Statistical physics and the problem of firm growth
This presentation is the property of its rightful owner.
Sponsored Links
1 / 49

Statistical Physics and the “Problem of Firm Growth” PowerPoint PPT Presentation


  • 64 Views
  • Uploaded on
  • Presentation posted in: General

Statistical Physics and the “Problem of Firm Growth”. Collaborators:. Dongfeng Fu Advisor: H. E. Stanley. DF Fu, F. Pammolli, S. V. Buldyrev, K. Matia, M. Riccaboni, K. Yamasaki, H. E. Stanley 102 , PNAS 18801 (2005).

Download Presentation

Statistical Physics and the “Problem of Firm Growth”

An Image/Link below is provided (as is) to download presentation

Download Policy: Content on the Website is provided to you AS IS for your information and personal use and may not be sold / licensed / shared on other websites without getting consent from its author.While downloading, if for some reason you are not able to download a presentation, the publisher may have deleted the file from their server.


- - - - - - - - - - - - - - - - - - - - - - - - - - E N D - - - - - - - - - - - - - - - - - - - - - - - - - -

Presentation Transcript


Statistical physics and the problem of firm growth

Statistical Physics and the “Problem of Firm Growth”

Collaborators:

Dongfeng Fu

Advisor: H. E. Stanley

DF Fu, F. Pammolli,S. V. Buldyrev, K. Matia,M. Riccaboni, K. Yamasaki, H. E. Stanley102,

PNAS 18801 (2005) .

K. Yamasaki,K. Matia,S. V. Buldyrev, DF Fu, F. Pammolli, K. Matia,M. Riccaboni, H. E. Stanley, 74, PRE 035103 (2006).

DF. Fu, S. V. Buldyrev, M. A. Salinger, and H. E. Stanley, PRE 74, 036118 (2006).


Motivation

Motivation

Firm growth problem  quantifying size changes of firms.

1) Firm growth problem is an unsolved problem in economics.

2) Statistical physics may help us to develop better strategies to improve economy.

3) Help people to invest by quantifying risk.


Outline

Outline

1) Introduction of “classical firm growth problem”.

2) The empirical results of the probability density function of growth rate.

3) A generalized preferential-attachment model.


Classical problem of firm growth

Classical Problem of Firm Growth

Firm at time = 2

S = 12

Firm at time = 10

S = 33

Firm at time = 1

S = 5

Firm growth rate:

t/year

1

2

10

Question: What is probability density function of growth rate P(g)?


Classic gibrat law its implication

Gibrat: pdf of g is Gaussian.

logS(t)

= logS(0) + ålog(t’ )

M

Gaussian

t’=1

Growth rate g in t years

=

Probability density

pdf(g) 

M

=  log(t’)

t’=1

Growth rate, g

P(g) really Gaussian ?

Classic Gibrat Law & Its Implication

Traditional View: Gibrat law of “Proportionate Effect” (1930)

S(t+1) = S(t) * t ( t is noise).


Databases analyzed for p g

Databases Analyzed for P(g)

  • Country GDP: yearly GDP of 195 countries, 1960-2004.

  • American Manufacturing Companies: yearly sales of 23,896 U.S. publicly traded firms, based on Security Exchange Commission filings 1973-2004.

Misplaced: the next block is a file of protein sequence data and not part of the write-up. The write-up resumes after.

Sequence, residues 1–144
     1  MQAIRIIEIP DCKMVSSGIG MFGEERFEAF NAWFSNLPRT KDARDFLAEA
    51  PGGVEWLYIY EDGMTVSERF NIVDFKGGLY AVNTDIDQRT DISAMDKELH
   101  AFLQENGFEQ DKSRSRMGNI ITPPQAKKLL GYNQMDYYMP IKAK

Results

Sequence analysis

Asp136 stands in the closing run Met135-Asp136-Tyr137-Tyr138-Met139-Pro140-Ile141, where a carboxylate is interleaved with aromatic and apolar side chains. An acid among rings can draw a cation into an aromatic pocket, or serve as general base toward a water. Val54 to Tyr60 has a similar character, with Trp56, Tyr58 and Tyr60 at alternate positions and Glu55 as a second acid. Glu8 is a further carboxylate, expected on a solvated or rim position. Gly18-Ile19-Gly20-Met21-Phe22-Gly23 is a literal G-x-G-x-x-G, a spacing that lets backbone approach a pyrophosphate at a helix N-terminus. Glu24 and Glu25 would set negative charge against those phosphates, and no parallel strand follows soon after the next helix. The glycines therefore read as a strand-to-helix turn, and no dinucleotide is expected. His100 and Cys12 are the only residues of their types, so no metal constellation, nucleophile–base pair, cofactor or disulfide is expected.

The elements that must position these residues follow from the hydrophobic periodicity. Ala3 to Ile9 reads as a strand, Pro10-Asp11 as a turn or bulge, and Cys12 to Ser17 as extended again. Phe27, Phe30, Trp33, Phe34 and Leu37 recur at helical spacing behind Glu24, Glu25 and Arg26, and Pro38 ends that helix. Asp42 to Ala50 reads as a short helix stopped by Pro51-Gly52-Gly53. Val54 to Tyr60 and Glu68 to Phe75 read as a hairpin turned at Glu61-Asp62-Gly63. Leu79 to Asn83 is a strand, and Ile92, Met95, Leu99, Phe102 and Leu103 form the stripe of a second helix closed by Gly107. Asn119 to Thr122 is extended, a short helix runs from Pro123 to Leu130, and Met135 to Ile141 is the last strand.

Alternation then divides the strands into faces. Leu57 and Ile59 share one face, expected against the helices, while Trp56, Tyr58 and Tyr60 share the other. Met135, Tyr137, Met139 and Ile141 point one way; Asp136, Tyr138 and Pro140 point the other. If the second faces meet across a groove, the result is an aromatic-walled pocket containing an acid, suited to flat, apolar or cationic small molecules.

• Pharmaceutical Industry: quarterly sales figures of 7184 firms in 21 countries (mainly in north America and European Union) covering 189,303 products in 1994-2004.


Empirical results for p g all 3 databases

Empirical Results for P(g) (all 3 databases)

Not Gaussian !

i.e. Not parabola

PDF, P(g)

Growth rate, g

Traditional Gibrat view is NOT able to accurately predict P(g)!


The new model entry exit of products and firms

The New Model: Entry & Exit of Products and firms

New:

Preferential attachment to add new product or delete old product

Rules:

b: birth prob. of a firm.

: birth prob. of a prod.

: death prob. of a prod.

( > )

New: 1. Number n of products in a firm 2. size  of product


Statistical physics and the problem of firm growth

“Multiplicative” Growth of Products

1. At time t, each firm  has n(t) products of size i(t), i=1,2,…n(t),

where n and >0 are independent random variables that follow

the distributions P(n) and P(), respectively.

2. At time t+1, the size of each product increases or decreases by a

random factor : i(t+1) = (t)i * i.

Assume P() = LN(m,V), and P() = LN(m,V). LN  Log-Normal.

Hence:


Statistical physics and the problem of firm growth

How to understand the shape of P(g)

Idea:

P(g|n) ~ Gaussian(m+V/2, Vg/n)

for large n.

Vg = f(V, V)

= Variance

P(g | n)

Growth rate, g

The shape of P(g) comes from the fact that P(g|n) is Gaussian but the convolution with P(n).


Distribution of the number of products

Distribution of the Number of Products

Pharmaceutical Industry Database

Probability distribution, P(n)

1.14

Number of products in a firm, n


Statistical physics and the problem of firm growth

Characteristics of P(g)

Our Fitting Function

1. for small g,

P(g)  exp[- |g| (2 / Vg)1/2].

P(g)

2. for large g, P(g) ~ g-3 .

Growth rate, g

P(g) has a crossover from exponential to power-law


Our prediction vs empirical data i

Our Prediction vs Empirical Data I

One Parameter: Vg

Scaled PDF, P(g) Vg1/2

GDP

Phar. Firm / 102

Manuf. Firm / 104

Scaled growth rate, (g – g) / Vg1/2


Our prediction vs empirical data ii central tail parts of p g

Our Prediction vs Empirical Data IICentral & Tail Parts of P(g)

Scaled PDF, P(g) Vg1/2

Scaled growth rate, (g – g) / Vg1/2

Tail part is power-law

with exponent -3.

Central part is Laplace.


Universality w r t different countries

Universality w.r.t Different Countries

Original pharmaceutical data

Scaled data

PDF, Pg(g)

Scaled PDF, Pg(g) Vg1/2

Growth rate, g